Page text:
Childhood is a difficult period for anyone and it is also a time when a problem that makes an individual different from the norm can result in teasing, ridicule and even alienation from the peer group. Siblings in a household notice things that are going on in their home, such as how their mother is always doing laundry, or how their mother often reminds their brother to use the bathroom before he goes to bed at night, or how their brother never stays over at friends overnight. Also the odor of urine first thing in the morning in the hallway is often unmistakable and unsettling.
There are mixed views on whether or not siblings should be told about their brother or sisters bed wetting problems. Some children are so concerned about it that they swear their parents to secrecy and don’t want a word of their condition breathed to their siblings. If this is the case with your child then respecting your child’s express wishes is more important then informing the siblings of the situation. However some experts believe that bed wetting should not necessarily be a family’s “best kept horrible secret.” Secrets often give rise to feelings of humiliation and shame and the child who suffers from enuresis already feels bad enough already without being made to feel worse.
If you do choose to discuss bed wetting with the siblings do it in a straightforward and “matter-of-fact” manner making sure your children understand that it is not caused by anything bad their brother did. Let them know that bed wetting is considered a “developmental problem” meaning that the bed wetting child’s bladder has not caught up in its level of maturity to the rest of the child’s body. Also let them know that through treatment the child will be able to get rid of the problem and that in the meantime it is important to be kind, supportive and understanding.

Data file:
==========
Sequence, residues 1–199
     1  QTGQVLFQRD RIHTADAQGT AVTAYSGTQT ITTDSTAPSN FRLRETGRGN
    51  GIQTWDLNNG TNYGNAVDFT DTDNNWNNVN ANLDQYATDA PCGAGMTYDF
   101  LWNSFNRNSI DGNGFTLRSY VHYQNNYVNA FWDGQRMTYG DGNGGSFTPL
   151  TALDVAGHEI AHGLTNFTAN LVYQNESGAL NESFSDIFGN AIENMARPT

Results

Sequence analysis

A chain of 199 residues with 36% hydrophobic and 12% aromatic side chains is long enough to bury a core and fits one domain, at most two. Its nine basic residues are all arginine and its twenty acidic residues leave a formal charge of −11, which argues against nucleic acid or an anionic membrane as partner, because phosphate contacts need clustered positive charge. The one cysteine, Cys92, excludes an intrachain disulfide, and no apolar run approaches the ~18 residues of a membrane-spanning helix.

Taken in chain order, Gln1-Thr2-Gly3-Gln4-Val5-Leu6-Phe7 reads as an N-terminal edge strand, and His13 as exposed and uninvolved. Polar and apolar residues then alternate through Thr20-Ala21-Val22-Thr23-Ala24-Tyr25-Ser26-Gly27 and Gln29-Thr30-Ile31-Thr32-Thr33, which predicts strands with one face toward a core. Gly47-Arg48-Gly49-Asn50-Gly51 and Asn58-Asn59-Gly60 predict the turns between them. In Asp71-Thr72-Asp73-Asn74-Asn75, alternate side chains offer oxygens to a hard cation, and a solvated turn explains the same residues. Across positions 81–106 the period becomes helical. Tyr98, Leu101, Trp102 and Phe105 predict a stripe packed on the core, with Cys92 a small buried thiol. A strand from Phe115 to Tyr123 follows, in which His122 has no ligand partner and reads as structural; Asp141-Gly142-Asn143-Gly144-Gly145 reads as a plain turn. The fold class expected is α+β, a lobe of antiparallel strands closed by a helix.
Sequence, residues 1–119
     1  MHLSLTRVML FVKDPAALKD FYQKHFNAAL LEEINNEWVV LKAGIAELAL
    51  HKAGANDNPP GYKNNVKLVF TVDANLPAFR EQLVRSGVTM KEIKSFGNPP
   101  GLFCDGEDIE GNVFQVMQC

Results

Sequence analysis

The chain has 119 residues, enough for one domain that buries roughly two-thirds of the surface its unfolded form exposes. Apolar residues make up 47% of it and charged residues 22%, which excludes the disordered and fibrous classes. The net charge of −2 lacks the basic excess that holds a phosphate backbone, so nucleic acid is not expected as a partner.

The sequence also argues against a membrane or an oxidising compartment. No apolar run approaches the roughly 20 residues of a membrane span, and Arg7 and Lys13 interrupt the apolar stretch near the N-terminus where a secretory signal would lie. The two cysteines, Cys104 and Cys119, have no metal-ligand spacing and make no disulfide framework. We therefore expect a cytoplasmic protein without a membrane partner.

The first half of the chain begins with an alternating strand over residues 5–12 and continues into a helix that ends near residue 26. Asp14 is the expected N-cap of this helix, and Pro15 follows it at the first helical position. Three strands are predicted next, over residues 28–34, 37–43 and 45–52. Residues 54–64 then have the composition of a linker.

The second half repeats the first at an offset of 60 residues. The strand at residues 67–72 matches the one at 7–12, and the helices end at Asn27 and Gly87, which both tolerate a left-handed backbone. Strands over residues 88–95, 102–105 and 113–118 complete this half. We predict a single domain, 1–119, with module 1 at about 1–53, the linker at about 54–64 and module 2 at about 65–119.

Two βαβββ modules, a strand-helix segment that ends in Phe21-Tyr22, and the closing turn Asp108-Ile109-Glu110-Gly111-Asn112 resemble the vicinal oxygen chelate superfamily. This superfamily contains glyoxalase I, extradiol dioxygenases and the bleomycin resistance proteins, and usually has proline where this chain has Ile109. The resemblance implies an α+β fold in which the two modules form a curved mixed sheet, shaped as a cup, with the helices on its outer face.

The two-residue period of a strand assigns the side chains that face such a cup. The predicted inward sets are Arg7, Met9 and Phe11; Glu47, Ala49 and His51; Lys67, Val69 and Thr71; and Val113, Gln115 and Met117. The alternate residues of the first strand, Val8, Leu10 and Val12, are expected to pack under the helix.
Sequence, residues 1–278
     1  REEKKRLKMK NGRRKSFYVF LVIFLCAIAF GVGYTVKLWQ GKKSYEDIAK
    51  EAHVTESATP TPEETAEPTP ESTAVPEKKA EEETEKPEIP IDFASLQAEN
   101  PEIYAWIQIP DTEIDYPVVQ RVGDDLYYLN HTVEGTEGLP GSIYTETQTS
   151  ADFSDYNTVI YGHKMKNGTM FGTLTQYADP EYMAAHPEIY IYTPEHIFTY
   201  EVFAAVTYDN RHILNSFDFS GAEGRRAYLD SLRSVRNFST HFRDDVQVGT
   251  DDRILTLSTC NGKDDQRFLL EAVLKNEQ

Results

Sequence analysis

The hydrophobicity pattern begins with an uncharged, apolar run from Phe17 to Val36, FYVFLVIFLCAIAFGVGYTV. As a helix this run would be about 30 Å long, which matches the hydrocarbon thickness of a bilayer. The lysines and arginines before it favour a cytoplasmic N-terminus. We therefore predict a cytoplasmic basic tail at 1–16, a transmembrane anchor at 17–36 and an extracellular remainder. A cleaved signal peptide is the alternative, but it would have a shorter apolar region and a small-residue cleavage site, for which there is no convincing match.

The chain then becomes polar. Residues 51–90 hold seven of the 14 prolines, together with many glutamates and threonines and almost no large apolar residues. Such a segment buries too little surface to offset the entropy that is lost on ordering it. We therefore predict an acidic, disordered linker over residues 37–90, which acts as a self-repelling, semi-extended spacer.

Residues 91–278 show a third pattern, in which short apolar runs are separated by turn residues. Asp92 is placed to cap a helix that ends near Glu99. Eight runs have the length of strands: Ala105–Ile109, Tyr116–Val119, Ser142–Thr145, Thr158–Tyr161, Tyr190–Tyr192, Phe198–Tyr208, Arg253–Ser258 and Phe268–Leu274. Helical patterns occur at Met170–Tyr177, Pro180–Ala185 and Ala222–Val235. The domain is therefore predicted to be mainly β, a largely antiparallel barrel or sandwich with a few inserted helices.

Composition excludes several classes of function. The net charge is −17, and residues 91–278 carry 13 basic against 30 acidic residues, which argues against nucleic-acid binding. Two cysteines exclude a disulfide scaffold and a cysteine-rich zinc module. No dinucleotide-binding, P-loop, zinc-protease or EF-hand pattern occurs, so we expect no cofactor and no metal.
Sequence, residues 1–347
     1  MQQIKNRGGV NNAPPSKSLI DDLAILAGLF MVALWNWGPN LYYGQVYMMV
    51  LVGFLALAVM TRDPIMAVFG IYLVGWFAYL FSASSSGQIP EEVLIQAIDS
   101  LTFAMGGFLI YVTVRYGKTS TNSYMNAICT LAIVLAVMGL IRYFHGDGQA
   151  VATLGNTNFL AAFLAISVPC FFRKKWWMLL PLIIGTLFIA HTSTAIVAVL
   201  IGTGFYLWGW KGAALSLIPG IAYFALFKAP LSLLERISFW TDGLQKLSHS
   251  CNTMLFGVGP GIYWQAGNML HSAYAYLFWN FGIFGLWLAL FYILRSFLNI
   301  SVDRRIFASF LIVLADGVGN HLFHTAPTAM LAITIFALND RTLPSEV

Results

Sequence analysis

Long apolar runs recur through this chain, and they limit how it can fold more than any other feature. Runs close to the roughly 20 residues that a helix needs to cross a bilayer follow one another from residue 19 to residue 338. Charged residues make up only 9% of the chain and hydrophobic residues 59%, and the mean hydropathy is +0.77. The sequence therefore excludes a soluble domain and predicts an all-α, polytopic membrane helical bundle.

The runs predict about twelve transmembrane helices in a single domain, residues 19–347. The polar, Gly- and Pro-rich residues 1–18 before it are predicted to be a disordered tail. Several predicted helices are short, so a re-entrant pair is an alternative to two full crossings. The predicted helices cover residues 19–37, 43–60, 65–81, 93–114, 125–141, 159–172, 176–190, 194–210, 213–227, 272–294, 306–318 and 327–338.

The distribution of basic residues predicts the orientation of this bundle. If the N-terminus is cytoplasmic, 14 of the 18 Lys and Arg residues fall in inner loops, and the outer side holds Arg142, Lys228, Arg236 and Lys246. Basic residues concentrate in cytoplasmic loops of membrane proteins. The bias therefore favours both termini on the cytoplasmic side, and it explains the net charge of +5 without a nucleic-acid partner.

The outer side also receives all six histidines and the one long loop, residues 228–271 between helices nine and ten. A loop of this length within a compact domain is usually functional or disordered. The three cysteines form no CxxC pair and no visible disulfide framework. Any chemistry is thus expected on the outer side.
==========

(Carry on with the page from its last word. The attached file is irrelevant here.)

Take the confusion and mystery surrounding bed wetting away from your children’s thinking by explaining that everyone is met with different obstacles or challenges in life. Point out that some people have trouble learning to add and subtract, while other people have trouble learning to ride a bike or swim and their sibling has problems with bladder control during the night. The bed wetting child may want to be present for your talk with their siblings or he may not. Proceed according whichever is the case.
If you or any other family member was ever a bed wetter share this knowledge with your children. Tell your children that bed wetting is often something that is inherited and no body really knows why. Explain that it is something that has to be dealt with just like any other problem in life. Don’t make a mountain out of a molehill when explaining the matter to your children. If you make it seem small then they will likely see it that way.
Establish a “no teasing” rule in the family and tell your children that they are not to treat the bed wetting child any differently nor are they to tell their friends about their sibling’s situation. Make them understand that the child’s feelings matter and that he needs support and encouragement and not criticism and scorn.